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Explaining the post-crisis Philips curve: Cumulated wage gap matters for inflation. CEPS Working Document No 2018/05, June 2018

Voinea, Liviu (2018) Explaining the post-crisis Philips curve: Cumulated wage gap matters for inflation. CEPS Working Document No 2018/05, June 2018. [Working Paper]

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    In this paper we build a new model for understanding the relationship between wage and inflation. We introduce the concept of a cumulated wage gap – meaning the cumulated gap between the current wage and a maximum reference wage value in the past. The permanent income hypothesis is fundamentally flawed in times of crisis, because of uncertainty of future income. In a crisis, the reference is not expected income, but rather past income. Retirement savings and linear employment prospects are uncertain. People relate to their peak gains in the not so distant past rather than to uncertain future gains. The only certain reference value lies in the past, not in the future: and that is why current consumption is influenced by past income. The post-crisis Philips curve uses the cumulated wage gap instead of nominal wage. This is a measure of stock, not of flow. The post-crisis Philips curve is non-stationary, as it moves over time. We build a theoretical model and then we test it for all OECD countries, for a series of wage adjustments episodes (15 or more years ago, respectively the last global crisis). The model is empirically validated for all countries - including, to varying degrees, US, UK and euro-area, as the cumulated wage gap has a strong explanatory power on the deviation of inflation from its target. We find that inflation does not increase close to or above its target level until the cumulated wage gap is closed. In other words, for Philips curve to work, the loss of welfare from a negative cumulated wage gap must be fully compensated first – as a stock measure, not as a flow. The policy implication from here is that countries which closed their cumulated wage gap should be much more prudent in further wage increases – because they will be seen in inflation much faster and larger than in the recent past. For countries which have not closed their cumulated wage gap the implication is that inflation will remain subdued until they close their cumulated wage gap.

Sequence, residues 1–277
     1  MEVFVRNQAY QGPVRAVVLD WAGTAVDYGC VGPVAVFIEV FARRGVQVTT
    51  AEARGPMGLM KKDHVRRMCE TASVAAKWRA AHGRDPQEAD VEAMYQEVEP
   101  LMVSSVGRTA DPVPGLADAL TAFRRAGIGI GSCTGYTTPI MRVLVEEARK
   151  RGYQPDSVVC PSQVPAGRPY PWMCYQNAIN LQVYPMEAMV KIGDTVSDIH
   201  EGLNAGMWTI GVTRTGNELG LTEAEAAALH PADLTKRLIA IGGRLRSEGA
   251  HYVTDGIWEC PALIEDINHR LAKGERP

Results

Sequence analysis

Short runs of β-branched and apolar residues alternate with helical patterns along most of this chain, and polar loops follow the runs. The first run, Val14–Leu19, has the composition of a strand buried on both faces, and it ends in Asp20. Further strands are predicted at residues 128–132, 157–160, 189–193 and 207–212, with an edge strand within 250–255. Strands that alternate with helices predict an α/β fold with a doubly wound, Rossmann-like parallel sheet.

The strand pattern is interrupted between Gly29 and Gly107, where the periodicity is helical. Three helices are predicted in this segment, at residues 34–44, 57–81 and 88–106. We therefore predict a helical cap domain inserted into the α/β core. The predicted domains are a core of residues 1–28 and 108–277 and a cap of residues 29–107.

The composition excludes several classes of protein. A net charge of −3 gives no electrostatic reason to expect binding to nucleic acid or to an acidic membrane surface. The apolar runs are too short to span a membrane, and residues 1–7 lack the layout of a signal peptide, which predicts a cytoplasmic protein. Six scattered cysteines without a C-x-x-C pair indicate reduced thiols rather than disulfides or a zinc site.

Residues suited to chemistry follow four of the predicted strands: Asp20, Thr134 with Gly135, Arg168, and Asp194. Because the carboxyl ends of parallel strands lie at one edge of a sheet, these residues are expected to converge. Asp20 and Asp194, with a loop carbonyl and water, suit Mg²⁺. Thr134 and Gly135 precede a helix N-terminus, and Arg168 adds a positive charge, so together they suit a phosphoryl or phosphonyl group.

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    Item Type: Working Paper
    Subjects for non-EU documents: EU policies and themes > Policies & related activities > economic and financial affairs > general
    Subjects for EU documents: UNSPECIFIED
    EU Series and Periodicals: UNSPECIFIED
    EU Annual Reports: UNSPECIFIED
    Series: Series > Centre for European Policy Studies (Brussels) > CEPS Working Documents
    Depositing User: Phil Wilkin
    Official EU Document: No
    Language: English
    Date Deposited: 22 Jun 2018 10:33
    Number of Pages: 19
    Last Modified: 22 Jun 2018 10:33

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